Several weeks ago, I reviewed an exhibition of ten artists at the New Bedford Art Museum and deliberately overlooked a singular work by artist Carl Simmons. But that wasn’t because his works deserved less contemplation than his nine co-exhibitors.
Rather, I considered his untitled “installation” so ambitious and rich in visual, historical, and nostalgic stimuli that I felt it needed to be approached in a focused and encompassing way.
Installation art has a number of varying characteristics, including three-dimensional elements and site specificity. It is often temporary, sometimes theatrical, and probably designed to transform the viewer’s perception of space as they pass through it in order to fully experience it.
Simmons’ work is certainly 3D, site-specific, temporary and theatrical, but it is absolutely not designed to be traversed. In fact, it’s quite the opposite, as a cable is pulled across a large alcove, barring visitors from entering the area.
It is less an installation than a window on a three-dimensional world in itself. It’s much the same as one might feel looking at the decor of a theater or the artificial enclosures of animals in a zoo. It’s not an installation, it’s a complex environment.
And this environment does not only contain space. It contains time. Or at least, reminders of its passage.
Simmons, a photographer, stop-motion animator and occasional performance artist, is also a local scholar and historian with a particular admiration for 19th-century Quaker lawyer, philanthropist and poet David Ricketson (who was a close friend of Henry David Thoreau listen)) and the swamp it had drained that would eventually become Brooklawn Park.
But Simmons’ affection for all (great) New Bedford knows no bounds, and the museum’s transformed alcove is testament to that. With the able help of his wife Rachel Stopka, an architect, they laid a slightly raised platform and covered it with 1970s-inspired linoleum, making a clear separation between the space and the black floor of the rest of the museum.
The walls are painted a slightly nauseating shade of yellowish green. And then Simmons, who could be described as equal parts urban archaeologist, junk collector and savvy curator of past treasures and junk, loaded the room with old signage, newspapers, cardboard and stickers for create a fascinating insight. in what was once New Bedford.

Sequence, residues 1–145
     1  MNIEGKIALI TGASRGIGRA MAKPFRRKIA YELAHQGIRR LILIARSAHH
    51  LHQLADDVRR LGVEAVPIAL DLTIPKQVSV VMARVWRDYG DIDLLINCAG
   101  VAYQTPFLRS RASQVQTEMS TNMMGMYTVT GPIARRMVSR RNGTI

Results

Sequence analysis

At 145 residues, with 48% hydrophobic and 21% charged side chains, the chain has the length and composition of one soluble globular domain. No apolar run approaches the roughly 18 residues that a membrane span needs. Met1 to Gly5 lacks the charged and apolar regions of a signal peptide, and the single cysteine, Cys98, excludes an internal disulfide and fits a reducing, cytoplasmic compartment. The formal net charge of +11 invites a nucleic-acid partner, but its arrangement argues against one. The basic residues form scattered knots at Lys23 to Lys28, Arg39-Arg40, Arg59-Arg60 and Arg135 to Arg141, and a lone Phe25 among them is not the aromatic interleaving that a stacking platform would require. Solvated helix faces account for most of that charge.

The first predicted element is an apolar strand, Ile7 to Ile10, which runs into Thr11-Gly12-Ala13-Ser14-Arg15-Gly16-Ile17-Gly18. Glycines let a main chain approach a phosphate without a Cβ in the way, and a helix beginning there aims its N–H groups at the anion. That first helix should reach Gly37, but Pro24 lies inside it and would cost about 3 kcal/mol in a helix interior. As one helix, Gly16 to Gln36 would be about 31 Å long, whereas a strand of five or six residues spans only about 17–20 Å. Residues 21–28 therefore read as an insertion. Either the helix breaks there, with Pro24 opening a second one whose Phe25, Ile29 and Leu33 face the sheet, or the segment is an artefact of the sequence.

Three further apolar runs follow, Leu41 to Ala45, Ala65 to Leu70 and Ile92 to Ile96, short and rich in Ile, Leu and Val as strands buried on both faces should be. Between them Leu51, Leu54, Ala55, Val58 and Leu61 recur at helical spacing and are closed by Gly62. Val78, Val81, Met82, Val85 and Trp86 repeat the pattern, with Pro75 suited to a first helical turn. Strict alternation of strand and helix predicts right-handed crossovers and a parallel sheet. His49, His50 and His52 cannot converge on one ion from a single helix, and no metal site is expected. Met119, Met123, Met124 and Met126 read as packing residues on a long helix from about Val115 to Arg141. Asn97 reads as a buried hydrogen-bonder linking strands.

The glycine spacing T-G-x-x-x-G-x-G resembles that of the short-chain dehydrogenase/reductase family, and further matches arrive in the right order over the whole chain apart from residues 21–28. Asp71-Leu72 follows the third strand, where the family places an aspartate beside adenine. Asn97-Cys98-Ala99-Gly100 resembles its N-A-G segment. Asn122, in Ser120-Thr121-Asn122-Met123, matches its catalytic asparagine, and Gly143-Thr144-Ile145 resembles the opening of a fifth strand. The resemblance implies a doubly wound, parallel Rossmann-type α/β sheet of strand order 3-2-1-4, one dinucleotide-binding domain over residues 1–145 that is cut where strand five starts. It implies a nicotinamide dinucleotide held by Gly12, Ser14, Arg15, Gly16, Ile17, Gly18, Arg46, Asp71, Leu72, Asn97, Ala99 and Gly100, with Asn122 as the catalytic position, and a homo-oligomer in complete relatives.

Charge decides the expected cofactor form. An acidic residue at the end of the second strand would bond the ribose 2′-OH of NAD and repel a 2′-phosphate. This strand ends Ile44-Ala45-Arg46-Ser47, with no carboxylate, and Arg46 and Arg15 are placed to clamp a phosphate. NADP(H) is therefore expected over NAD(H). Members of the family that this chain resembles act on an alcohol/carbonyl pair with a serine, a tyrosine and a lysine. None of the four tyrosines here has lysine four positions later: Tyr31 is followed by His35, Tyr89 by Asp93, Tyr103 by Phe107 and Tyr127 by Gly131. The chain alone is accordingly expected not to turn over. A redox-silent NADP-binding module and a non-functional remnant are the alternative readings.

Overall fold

By design, it looks like a tight, disorganized basement, garage or storage shed, the kind of spaces Simmons likes to explore. Drawing from his own collection of local paraphernalia and detritus and borrowing some from other members of the community, it’s an indulgent and sentimental view.
There is something quite democratic about the orderly chaos of the space in which the objects are displayed, treating no object with more respect than another. A Normal hours 1941 newspaper (then costing three cents) features a bold headline that reads: “Charles A. Ashley, City Mayor, for 32 Years, Drops Dead at Home.” It sits on a pile of other papers in an old, water-damaged Virginia Dare cardboard box.
Against one wall is one of the once familiar dark blue Moby Dick Trail signs, adorned with the image of a harpoon. There’s a park bench with its faded, cracked and peeling paintwork, perhaps once from Simmons’ beloved Brooklawn Park.
There are a number of bumper stickers, filled with local boosterism. There’s a bright red one that says “New Bedford Whale of A City,” in which the whale is a cute cartoon. Another sticker references one of the town’s resident elephants and reads “I ❤️ Emily”. Yet another is a promotion for WBSM’s “Cuzzin” Dave’s old Chuckwagon Show.
Throughout the room, Simmons placed reminders of New Bedford’s past and present businesses. A barely complete sampling includes a red, white and black cardboard box from Dawson’s Brewery, a box from the Acushnet Process, another from Executive Coffee and Vending, and a piece of cardboard from Harve’s Shoe Box.
And there’s so much more: the yellow sign of Cheap John’s Joke Shop, purveyor of chewing gum and fake vomit; the Chayce Answering Service sign, a County Street staple; a rusty ventilation fan from the roof of Pa Raffa; an SRTA bus schedule; cans of Polaroid film, a fridge magnet promoting the New Bedford Gas Company; a key fob from O’Hara Chevrolet…
Obviously, the installation not exactly a Simmons installation is largely successful due to the nostalgia factor. But that does not in itself make it a capital art.
What is color and composition. Simmons approached space from scratch, literally speaking. He arranged the elements of the room as judiciously as a painter setting up a still life.
He played each other’s colors. He understands the visual push and pull of the environment and exploits it perfectly, making the most of every little detail. This includes the gum wrapper and a green tie he put on the floor. They act as visual flourishes and complete the overall picture. And that’s quite the picture.
The untitled work by Carl Simmons is part of the “In Residence: NPS AIR + CAIR Alumni” exhibition at the New Bedford Art Museum, 608 Pleasant Street, New Bedford until November 13.